I could say I was waiting to find out exactly where the new additions were going so I wouldn’t paint something that was ultimately going to be covered or removed but really it’s just a difficult job that I wanted to put off as long as possible.

The bird's eye window and fascia are peeling.

The list of necessary items to be painted:

  • 1st and 2nd story window trim at back of house
  • fascia and eaves on both sides
  • 1st and second story trim on front of house
  • bird’s eye window and laundry window

Charlie does most of the outside work which requires climbing a ladder including cleaning and making small repairs to the gutters.

The peak of the roof is about 30 feet off the ground.

The truth is, however, that I’m more comfortable on a ladder than he.  In my younger days as a theatrical technician I spent a lot of time at the top of an A-frame extension ladder. And you already know I’m the painter girl so up the ladder I must go with a scraper, some primer and a can of white exterior trim paint and  my trusty paint brushes.

The scraping has begun.

When I arrived home Charlie was up on the ladder scraping the old paint from the window frames. Gotta love that.

What have you been putting off? It’s not too late, is it?

Stormed Windows

Last August when Hurricane Irene rolled through and knocked a couple trees down in the yard, the only damage to the house was a bent rain gutter and broken storm windows.

Dining room storm windows shattered.

We have old style wood sash windows with aluminum storm windows attached to the outside of the opening.

Dining room windows that were broken by the storm.

Once upon a time, before the advent of replacement windows, it was easy to find someone to repair storm windows. 

We've been without storm windows since last August.

Virtually every hardware store did it.  Now there are few hardware stores (other than the big box stores) and fewer still who repair storm windows. So I was left with 2 aluminum window frames with the gaskets ripped and hanging out.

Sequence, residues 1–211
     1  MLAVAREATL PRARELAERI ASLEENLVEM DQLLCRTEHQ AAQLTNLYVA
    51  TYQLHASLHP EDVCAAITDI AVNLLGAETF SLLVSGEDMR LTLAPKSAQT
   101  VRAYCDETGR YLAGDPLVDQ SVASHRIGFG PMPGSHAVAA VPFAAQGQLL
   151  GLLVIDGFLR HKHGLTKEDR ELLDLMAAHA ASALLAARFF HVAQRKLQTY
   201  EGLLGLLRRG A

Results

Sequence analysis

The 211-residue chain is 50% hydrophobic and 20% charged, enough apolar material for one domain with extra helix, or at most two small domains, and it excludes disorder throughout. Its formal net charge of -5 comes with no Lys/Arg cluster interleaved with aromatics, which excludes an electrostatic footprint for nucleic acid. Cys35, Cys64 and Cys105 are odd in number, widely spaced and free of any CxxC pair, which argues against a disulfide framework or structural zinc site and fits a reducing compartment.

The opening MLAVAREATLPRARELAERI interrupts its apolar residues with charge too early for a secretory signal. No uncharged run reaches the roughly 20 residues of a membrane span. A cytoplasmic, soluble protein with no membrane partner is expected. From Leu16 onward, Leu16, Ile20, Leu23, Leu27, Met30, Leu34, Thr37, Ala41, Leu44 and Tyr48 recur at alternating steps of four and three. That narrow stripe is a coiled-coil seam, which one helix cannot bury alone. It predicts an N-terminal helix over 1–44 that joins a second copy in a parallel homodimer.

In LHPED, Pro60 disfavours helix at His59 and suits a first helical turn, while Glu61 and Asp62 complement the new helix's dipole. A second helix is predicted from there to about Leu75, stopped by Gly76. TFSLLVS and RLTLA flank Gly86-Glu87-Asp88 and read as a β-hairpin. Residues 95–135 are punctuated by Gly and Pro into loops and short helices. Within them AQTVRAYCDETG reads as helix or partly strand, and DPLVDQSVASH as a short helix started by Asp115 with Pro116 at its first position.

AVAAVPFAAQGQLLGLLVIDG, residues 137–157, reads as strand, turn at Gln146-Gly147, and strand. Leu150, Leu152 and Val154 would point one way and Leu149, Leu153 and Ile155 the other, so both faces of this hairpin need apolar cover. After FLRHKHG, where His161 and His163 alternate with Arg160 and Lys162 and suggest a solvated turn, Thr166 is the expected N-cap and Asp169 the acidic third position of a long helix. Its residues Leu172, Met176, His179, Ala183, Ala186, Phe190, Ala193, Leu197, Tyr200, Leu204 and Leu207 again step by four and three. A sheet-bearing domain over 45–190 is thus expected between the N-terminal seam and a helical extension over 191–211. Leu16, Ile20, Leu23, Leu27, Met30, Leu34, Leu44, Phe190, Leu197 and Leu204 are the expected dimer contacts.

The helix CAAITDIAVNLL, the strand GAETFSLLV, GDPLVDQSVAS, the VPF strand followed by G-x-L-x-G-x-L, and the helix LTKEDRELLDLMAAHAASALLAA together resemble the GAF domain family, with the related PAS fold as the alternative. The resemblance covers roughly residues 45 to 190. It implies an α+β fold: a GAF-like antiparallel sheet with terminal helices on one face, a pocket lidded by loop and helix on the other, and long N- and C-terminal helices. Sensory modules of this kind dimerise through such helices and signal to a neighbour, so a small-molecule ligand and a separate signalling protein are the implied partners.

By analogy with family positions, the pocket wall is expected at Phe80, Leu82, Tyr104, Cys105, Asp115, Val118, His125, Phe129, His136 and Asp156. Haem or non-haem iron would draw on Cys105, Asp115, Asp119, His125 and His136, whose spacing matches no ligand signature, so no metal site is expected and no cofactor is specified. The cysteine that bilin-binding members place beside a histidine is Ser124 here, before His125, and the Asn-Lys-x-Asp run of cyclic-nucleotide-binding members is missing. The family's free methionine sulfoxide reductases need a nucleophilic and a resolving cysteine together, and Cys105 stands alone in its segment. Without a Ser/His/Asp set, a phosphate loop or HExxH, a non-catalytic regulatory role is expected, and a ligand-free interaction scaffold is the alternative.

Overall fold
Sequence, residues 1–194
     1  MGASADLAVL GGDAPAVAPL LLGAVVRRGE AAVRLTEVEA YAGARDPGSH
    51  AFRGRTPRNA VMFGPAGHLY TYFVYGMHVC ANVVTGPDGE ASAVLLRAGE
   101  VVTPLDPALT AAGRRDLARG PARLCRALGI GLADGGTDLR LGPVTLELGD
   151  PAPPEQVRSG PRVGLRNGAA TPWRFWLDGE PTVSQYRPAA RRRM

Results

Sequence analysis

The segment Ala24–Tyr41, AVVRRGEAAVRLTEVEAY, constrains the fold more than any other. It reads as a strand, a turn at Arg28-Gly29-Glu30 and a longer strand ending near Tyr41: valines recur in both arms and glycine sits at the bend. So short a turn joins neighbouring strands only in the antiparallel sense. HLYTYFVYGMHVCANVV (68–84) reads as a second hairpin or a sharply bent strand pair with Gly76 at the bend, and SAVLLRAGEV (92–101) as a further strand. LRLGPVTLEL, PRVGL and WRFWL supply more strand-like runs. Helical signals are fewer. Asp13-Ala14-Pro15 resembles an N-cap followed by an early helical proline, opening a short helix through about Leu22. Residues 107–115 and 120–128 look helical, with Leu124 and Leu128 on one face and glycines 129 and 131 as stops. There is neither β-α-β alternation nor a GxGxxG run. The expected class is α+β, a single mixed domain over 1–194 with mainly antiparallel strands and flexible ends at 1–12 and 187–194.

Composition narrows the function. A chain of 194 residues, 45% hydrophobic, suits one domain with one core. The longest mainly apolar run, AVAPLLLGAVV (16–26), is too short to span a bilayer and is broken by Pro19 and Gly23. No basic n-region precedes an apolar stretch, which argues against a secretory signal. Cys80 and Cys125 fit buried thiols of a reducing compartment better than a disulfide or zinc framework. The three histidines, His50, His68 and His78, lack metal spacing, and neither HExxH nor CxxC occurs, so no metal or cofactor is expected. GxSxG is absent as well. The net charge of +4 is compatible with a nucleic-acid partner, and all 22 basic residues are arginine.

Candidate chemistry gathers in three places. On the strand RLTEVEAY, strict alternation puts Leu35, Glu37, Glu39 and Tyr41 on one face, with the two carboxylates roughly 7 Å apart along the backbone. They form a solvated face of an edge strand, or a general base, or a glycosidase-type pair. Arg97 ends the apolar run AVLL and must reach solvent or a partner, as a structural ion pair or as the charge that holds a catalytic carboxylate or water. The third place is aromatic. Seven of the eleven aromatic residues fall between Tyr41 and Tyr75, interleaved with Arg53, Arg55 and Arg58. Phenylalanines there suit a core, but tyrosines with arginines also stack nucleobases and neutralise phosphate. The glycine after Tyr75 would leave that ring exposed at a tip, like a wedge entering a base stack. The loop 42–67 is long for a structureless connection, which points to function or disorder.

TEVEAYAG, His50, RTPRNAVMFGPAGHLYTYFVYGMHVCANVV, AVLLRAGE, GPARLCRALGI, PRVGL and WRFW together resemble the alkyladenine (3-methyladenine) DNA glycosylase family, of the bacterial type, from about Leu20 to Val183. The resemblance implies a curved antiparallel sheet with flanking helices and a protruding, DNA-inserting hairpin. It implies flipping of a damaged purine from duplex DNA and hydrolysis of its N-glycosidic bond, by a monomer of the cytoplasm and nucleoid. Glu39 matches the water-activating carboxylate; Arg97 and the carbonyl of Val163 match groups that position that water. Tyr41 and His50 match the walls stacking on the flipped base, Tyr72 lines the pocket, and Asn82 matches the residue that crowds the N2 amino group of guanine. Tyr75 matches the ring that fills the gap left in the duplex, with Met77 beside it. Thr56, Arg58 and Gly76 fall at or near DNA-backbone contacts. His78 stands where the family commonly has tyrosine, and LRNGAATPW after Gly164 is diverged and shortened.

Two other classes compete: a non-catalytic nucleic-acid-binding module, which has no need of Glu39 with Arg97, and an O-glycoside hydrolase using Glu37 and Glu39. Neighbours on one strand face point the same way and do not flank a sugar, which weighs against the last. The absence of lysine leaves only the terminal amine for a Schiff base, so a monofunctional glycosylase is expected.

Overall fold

Storm window frames

Recently I received a delivery of a classified book of local businesses in which I found Eastern Plate Glass Company who, among other things, repairs storm windows. 

Eastern Glass is a comprehensive glass repair and installation company.

My windows are 28 inches by 30 inches and in addition to needing glass they required repairs to the rubber gaskets.  The cost per window was about $28 including the labor. I dropped them off on Saturday and they were ready Monday morning.

Finally we have storm windows in every opening.

While I was at their shop I noticed they also fix screens. 

Eastern Glass will also repair screens.

This is not the end of the project: 3 small window panes on the inside sash window were also broken but we know how to fix those ourselves. We’ll definitely let you know when we get up to it.

Where do you find old-fashioned craftspeople to make vintage repairs?

Bargain Basil

Last year we learned that buying basil at Trader Joe’s is a bargain.

4 inch pot of basil doesn't look like much, right?

One pot costs $2.69 but has 28 individual plants; that’s almost 2 full squares in our square foot garden.

Look at all the individual plants in this small pot.

In the garden Charlie measures 1 foot increments along the sides so he can mark 16 small squares in each 4 by 4 garden square.

Accuracy now aids the planting layout.

Then he adds compost to the square.

Compost is a basic ingredient of a successful garden.

Turns the compost into the dirt with a hoe.

The dirt is loosened and lightened with a hoe.

Charlie uses a piece of wood to impress the soil following the measurements on the side of the square.

Using a wooden stake the measurements are transferred to the soil.

Plants 1 basil plant in each square foot.

A tiny 2 inch plant will grow to fill a square foot.

Most of this basil will go to Chef John for pesto.

Pesto on bread

Where do you find bargains?

I’m linked to

New ReStore in My Neck of the Woods

I was soooo excited recently when I went to the ReStore website for our local (20 miles away) ReStore and discovered they just opened a new one 5 miles from The Glade.

ReStore funds Habitat for Humanity projects.

Let’s take a quick tour.

Bathtubs, shower pans, lighting fixtures

In honor of Earth Day everything in the store was 20% off.

Lots and lots of lighting fixtures at really good prices.

Also in honor of Earth Day they served everyone grilled hot dogs, sodas, popcorn and cake.

Toilets and cabinets

The manager assured us that new items arrive daily so check back often.

Exterior and interior doors of various sizes and quality

They stock lots of paint supplies, gardening supplies and hardware.


As time goes on I’m sure they’ll collect even more good stuff.

Sinks of all kinds: kitchen, bathroom, utility

3741 Commerce Drive #311
Halethorpe, MD 21227

Mon-Sat: 9am-5pmPhone: 443-297-5141
To Donate: 410-633-0506

Where do you shop for good stuff?